• @WolfgangFahl Alas, this program is not legally forkable "as is", as the file header says: "You may not alter the source in any way [...] without the permission of the author, Phil Smith <[email protected]>". This program is compiling & working on my Linux, but is from 1996 and generates PDF file version 1.1. It is fast though.
    – Totor
    Commented Nov 15, 2022 at 17:58
  • For UTF-8 encoding, I am going to use puppeteer for Node.js.
    – Lance
    Commented Feb 11 at 4:01

There is also a UTF-8 to PostScript converter called paps.

  • 5
    It works, and with TrueType fonts, but it should be noted that it produces a document with bitmaps as a result, instead of using the fonts natively. (I guess that's because of Postscript?)
    – njsg
    Commented Jan 29, 2013 at 22:08
  • Couldn't compile it on Cygwin32 on my Windoze...
    – jarnosz
    Commented Feb 18, 2016 at 23:03
  • Not too simple, not too complicated. It will read from stdin, for example pr -e3 -t test.txt | paps
    – Jay Brunet
    Commented Apr 30, 2023 at 4:51

Use enscript to created a .ps file, and then ps2pdf (or ps2pdfwr) to convert to .pdf

The following script creates a .pdf file with 10 pt left and right margins, and uses a courier font that is 7.3 pts wide and 10 pts high, so a 132 col printout fits on an 8 1/2 X 11 page. Use enscript to setup your page, fonts, etc.

$ enscript -B --margins=10:10: -o outputfile.ps -f [email protected]/10 inputfile
$ ps2pdfwr outputfile.ps newfile.pdf
$ rm outputfile.ps
  • 9
    A thing to note: enscript does not support utf-8. Commented Aug 16, 2014 at 13:51
  • Without utf-8, that means no Chinese characters, etc.. Going to use puppeteer for this.
    – Lance
    Commented Feb 11 at 4:01

Since it's included by default in many distributions, a shorter way to call libreoffice from the cli:

soffice --convert-to pdf input.txt

Supported extensions by soffice, we can convert from/to:

ODF Spreadsheet                   .ods
ODF Spreadsheet Template          .ots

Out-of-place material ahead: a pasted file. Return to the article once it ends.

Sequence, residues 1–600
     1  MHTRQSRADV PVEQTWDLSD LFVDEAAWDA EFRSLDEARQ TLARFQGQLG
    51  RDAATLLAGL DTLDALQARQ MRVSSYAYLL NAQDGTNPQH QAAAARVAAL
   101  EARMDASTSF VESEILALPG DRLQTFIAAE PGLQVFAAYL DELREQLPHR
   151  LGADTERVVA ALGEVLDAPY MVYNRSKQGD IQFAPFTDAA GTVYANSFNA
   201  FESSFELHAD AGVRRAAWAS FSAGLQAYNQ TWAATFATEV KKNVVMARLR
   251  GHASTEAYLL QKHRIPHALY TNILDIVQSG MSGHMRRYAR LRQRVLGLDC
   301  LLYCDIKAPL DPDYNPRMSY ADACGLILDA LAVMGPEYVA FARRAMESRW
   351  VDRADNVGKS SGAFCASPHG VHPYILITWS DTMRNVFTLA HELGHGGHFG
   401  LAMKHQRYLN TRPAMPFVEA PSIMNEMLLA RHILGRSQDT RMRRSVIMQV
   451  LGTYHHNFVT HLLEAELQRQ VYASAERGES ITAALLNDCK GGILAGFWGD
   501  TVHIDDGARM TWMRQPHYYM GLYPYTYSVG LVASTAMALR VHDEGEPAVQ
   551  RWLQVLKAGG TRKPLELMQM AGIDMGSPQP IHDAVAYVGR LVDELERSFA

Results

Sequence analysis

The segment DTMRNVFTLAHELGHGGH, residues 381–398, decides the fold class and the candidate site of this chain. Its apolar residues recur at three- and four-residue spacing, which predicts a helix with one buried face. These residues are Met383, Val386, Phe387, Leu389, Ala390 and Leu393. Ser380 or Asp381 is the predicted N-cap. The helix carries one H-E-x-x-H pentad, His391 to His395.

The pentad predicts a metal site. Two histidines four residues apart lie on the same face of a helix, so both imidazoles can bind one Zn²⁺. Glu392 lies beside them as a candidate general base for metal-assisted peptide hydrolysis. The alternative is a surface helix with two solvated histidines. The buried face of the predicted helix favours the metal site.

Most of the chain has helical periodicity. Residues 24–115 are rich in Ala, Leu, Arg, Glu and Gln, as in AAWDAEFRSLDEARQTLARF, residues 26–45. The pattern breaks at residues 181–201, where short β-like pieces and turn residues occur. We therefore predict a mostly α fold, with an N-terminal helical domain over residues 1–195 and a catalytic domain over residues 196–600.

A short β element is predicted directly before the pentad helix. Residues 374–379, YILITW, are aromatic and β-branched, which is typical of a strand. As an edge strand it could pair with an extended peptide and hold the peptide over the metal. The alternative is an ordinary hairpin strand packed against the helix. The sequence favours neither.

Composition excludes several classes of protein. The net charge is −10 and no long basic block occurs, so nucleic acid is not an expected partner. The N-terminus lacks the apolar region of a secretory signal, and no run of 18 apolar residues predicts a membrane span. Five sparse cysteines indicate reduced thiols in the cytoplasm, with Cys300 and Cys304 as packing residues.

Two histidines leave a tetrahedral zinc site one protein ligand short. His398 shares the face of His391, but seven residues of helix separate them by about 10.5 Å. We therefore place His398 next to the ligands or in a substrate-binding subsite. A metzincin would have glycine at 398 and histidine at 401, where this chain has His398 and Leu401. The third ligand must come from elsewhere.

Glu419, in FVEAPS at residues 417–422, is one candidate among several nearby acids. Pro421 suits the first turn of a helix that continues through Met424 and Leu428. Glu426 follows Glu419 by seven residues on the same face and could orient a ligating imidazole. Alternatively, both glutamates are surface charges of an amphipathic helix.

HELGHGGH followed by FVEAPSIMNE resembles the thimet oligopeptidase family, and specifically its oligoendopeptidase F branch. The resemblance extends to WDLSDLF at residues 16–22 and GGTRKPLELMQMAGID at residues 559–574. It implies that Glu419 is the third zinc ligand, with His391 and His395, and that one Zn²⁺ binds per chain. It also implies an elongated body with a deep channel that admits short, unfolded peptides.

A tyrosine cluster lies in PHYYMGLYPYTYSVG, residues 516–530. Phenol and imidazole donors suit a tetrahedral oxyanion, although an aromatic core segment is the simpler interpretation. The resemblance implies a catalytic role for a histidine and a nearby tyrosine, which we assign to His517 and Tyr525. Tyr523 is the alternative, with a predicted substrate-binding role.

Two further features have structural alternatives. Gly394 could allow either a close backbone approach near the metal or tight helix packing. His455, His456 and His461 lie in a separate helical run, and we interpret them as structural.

Flat XML ODF Spreadsheet          .fods
Unified Office Format Spreadsheet .uos
Microsoft Excel 2007-2013 XML     .xlsx
Microsoft Excel 2003 XML          .xml
Microsoft Excel 97-2003           .xls
Microsoft Excel 97-2003 Template  .xlt
Data Interchange Format           .dif
dBase                             .dbf
HTML Document (Calc)              .html
SYLK                              .slk
Text CSV                          .csv
Office Open XML Spreadsheet       .xlsx
Microsoft Excel 2007-2016 XML     .xlsm

I am adding this a2ps as another alternative. a2ps produces postscript file, then could be converted into pdf using ps2pdf. Both a2ps and ps2pdf should be in the major Linux distros repository.

a2ps input.txt -o output.ps
ps2pdf output.ps output.pdf
  • May have problems with some apostrophe characters, but probably easy to fix with search/replace.
    – Jay Brunet
    Commented Apr 30, 2023 at 2:15

It is also possible to wrap the text from the input text file into a helper Latex document:

\input{input.txt}  % text file with the input text

and then compile it directly to PDF using pdflatex:

$ pdflatex helper.tex

Easiest way using calibre

  • install (on .deb-based distributions):
    sudo apt-get install calibre
  • then run:
    ebook-convert /path/to/input.txt path/to/ouput.pdf
  • 1
    My apologies, what I meant with "*" is any name, but now I get it this wildcard could be translated to multiple inputs, I'm going to edit it now.
    – jahly
    Commented Apr 23, 2023 at 5:48
  • Ok, then I understand the original intention. The edit really helps to clarify!
    – AdminBee
    Commented Apr 24, 2023 at 6:45